Category Archives: Statistics

Drug Testing and Statistics

Doping

I feel very surprised that people like Lance Amstrong or any other atheletes could by pass the drug test so easily for many years until they got caught. Until recently, I read a blog post about the statistics that reveal the truth about this:

Anti-doping tests have a huge false-negative problem. I have been talking about this for years

As it is a huge false-negative problem, most of the time, the dopers will escape it. But if a player tested positive, it is very high likely that they use doping. It is only somebody suspects and request an official legal and expensive process.

And even if you pass 500 doping test is not an impressive as you thought, more here

The anti-doping agencies are so concerned about not falsely accusing anyone that they leave a gigantic hole for dopers to walk through. . . . While we think about Armstrong’s plight, let’s not forget about this fact: every one of those who now confessed passed hundreds of tests in their careers, just like Armstrong did. In fact, fallen stars like Tyler Hamilton and Floyd Landis also passed lots of tests before they got caught. In effect, dopers face a lottery with high odds of winning and low odds of losing. .

Debt, Inventory and Revenue

Inventory

Inventory

Your code is your debt

You spend money, efforts and bug management to control your debt. Code doesn’t automatically generate revenue, user features and user satisfaction do. It doesn’t matter that you write 100 000 lines of code in 10 000 hours and complexity is 1 million (it, well, matters for technical guy) if those efforts doesn’t acquire new users or generate more revenue. It is like saying: I have borrowed 1 million dollars and spent all in this project. It sounds cool but it doesn’t do any benefit to the company. Even worse, it harms the company.

Inventory

Inventory is what you produce but just sitting on some warehouse/storage and does not generate any money. It could be even worse if it costs you any money to store those things.
Like Joelonsoftware said: inventory can happen in each of the following software process, and they can have different results:

      Decision-Making Process: documentation, product backlog, feature ideas…
      Design Process: diagrams,
      Implementation Process
      Testing Process
      Debugging Process
      Deployment Process

Each of stage’s products can never be implemented, get ignored or become unrealistic the next time. Here, we don’t talk about the waterfall process, which could make it even tremendous. For example, the feature backlog that is written in hundreds of pages that 90% are not implemented. The bug database contains all the bugs, efforts to maintain them and understand them but only 10% of them get fixed after a long time.

As with any kinds of inventories, after a while, your products inside the inventory gets obsolete, and needs cleaning up so the new things can be added in. The obsolete inventories will cost you the efforts and time to create it, maintain it and get rid of it. It is the same for software engineer, the bugs that are no longer bugs (after lots of updates), the features documentation that are not compatible with the current products…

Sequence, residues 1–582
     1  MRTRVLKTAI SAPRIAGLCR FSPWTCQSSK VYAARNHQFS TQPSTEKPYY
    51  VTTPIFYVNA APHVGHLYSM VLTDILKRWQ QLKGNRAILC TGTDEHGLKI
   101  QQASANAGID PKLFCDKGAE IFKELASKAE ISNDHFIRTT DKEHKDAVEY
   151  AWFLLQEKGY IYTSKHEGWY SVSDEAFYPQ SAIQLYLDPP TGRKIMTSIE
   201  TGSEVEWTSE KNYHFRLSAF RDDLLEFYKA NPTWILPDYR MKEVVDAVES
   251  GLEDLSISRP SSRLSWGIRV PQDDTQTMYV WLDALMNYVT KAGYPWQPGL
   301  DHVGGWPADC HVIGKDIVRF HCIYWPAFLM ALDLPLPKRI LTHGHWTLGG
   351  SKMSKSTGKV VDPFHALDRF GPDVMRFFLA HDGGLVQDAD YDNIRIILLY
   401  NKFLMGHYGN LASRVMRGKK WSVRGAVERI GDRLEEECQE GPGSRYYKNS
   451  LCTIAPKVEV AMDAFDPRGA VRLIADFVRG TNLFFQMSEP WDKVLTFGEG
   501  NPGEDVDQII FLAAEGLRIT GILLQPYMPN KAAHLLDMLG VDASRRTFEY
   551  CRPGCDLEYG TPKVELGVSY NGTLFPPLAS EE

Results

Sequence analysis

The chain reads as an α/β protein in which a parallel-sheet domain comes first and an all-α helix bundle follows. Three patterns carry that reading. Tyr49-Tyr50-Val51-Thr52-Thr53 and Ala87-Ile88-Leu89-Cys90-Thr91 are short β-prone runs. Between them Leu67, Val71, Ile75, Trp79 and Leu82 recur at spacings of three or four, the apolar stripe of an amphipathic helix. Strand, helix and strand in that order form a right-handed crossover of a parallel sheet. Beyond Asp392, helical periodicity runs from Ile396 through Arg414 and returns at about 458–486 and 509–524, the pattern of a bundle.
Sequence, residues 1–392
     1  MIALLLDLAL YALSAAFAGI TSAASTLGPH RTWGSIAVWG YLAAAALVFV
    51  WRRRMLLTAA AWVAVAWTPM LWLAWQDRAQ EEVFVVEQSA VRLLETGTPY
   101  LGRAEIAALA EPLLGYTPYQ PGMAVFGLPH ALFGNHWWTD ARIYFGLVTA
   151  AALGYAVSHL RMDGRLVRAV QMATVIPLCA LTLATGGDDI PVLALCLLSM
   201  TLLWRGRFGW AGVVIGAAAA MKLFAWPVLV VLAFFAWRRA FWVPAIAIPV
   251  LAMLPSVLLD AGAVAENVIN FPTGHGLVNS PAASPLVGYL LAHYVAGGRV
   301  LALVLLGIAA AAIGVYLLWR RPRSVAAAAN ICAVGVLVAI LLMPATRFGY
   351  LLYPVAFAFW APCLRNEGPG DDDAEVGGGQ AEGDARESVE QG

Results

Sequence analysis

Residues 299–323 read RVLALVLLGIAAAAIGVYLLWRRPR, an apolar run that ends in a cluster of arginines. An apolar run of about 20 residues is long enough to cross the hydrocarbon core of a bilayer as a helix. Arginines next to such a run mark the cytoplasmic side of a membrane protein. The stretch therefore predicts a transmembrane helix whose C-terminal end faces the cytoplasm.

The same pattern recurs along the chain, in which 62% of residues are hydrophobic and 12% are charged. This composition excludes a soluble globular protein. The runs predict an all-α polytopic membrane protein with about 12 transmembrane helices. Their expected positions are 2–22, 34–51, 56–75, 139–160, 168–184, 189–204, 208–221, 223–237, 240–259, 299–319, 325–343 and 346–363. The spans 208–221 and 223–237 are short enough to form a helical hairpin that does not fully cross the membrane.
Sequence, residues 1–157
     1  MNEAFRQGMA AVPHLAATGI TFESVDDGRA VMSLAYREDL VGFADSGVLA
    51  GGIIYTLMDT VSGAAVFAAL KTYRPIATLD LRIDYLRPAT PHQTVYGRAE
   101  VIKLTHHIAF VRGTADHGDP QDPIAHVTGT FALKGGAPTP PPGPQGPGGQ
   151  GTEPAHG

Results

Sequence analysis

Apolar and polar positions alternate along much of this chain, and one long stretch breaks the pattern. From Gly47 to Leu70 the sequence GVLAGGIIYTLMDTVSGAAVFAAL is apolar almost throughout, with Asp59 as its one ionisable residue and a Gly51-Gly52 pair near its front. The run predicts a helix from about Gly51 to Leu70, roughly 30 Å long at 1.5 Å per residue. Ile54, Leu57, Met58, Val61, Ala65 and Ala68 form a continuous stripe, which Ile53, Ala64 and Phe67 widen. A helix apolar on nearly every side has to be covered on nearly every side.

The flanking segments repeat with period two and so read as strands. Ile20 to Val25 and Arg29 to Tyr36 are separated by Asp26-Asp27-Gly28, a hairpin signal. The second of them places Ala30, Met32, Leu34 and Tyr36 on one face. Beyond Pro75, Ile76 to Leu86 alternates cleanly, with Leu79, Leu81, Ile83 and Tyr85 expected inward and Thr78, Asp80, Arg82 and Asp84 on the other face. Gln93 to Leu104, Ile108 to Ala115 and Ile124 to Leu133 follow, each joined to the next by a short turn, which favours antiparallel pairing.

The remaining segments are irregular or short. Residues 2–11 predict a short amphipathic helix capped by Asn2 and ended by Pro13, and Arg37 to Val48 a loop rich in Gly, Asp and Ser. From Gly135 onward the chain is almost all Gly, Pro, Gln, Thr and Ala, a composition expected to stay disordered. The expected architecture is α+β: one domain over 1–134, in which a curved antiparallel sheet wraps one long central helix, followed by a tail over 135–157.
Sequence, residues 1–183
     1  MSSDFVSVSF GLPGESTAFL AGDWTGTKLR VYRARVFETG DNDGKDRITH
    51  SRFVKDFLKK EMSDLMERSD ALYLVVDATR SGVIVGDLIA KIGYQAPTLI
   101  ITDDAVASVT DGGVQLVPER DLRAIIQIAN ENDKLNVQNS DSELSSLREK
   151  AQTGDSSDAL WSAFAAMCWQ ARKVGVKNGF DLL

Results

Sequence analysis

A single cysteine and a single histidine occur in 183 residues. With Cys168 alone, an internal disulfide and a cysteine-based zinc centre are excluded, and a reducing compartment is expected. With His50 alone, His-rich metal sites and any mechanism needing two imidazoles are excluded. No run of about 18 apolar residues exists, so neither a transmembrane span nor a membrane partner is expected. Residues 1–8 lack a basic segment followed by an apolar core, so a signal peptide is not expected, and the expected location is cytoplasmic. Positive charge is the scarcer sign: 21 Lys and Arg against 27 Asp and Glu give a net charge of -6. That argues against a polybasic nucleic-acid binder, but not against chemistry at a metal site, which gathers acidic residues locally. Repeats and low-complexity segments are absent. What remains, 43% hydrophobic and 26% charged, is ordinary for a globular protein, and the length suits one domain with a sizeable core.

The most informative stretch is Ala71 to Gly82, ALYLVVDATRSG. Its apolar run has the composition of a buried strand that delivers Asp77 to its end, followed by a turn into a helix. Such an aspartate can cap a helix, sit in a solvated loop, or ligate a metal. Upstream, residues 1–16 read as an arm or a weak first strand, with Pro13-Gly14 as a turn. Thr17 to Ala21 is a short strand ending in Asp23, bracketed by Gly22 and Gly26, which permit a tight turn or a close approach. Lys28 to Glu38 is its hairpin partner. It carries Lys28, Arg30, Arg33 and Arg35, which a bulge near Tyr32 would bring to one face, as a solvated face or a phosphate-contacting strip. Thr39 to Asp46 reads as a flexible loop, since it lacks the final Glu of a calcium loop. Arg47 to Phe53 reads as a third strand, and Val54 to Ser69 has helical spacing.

It is important for manager to understand about the similarity of the cost, the debt, the inventory and the revenue in a software engineering process. It is easy to measure engineer by how much code they write, but it is the same as measuring how much debt he brings to the team. Higher debt doesn’t mean higher revenue, so be careful.

References:

http://www.joelonsoftware.com/items/2012/07/09.html

Personalization and Price Discrimination

Price Discrimination

Price Discrimination

Since my courses in CMU, I always ask myself if first-degree price discrimination is feasible in e-commerce, and if it is, then how. Anybody knows that the main problem with price discrimination is customers exchange information to each other. And when people know that they are charged differently, they get annoyed.

 

 

 
 

I just encountered this 2 valuable articles in economist.com (Online firms are getting better at calculating how much they can sting you for. Here’s how to pay less) and (How deep are your pockets?). They are explaining to me many good insights, how and what products these firms can charge people differently.

  • Getting your information from cookie, as normal
  • Getting your computer type, if you are an Apple user, you are more likely to pay for higher prices
  • These software can even track your mouse movement

It also explains to me which websites can charge people differently based on no logic. Flight, hotel, secondhand cars and other similar products and services can do this job easily. They already displayed the price sales differently every single day or hour without any complains from the user. With the usage of smartphone, I think this trend will continue when firms have more information and idea about how bad you want their products.

It would be annoyed for any users if they happen to know that they are charged differently just because they are using a Macbook Pro or just because they like the product more than everybody else. I still recommend you to not use this price discrimination strategy intensively but rather to focus on better customer experience. They would help you to do viral marketing and gain more transactions for your company.

Applyzer – more statistics for iPhone Apps

Review example Review example

 

Just a quick note and introduction over Applyzer : a website that gather all reviews from all countries and rankings of your app in those countries. This is a good thing because iTune does not allow you to view all reviews at the same time and switching the country is so painful that nobody will ever do it. The ranking is also good that let you decide to focus on some countries rather than others if your app requires a little bit localization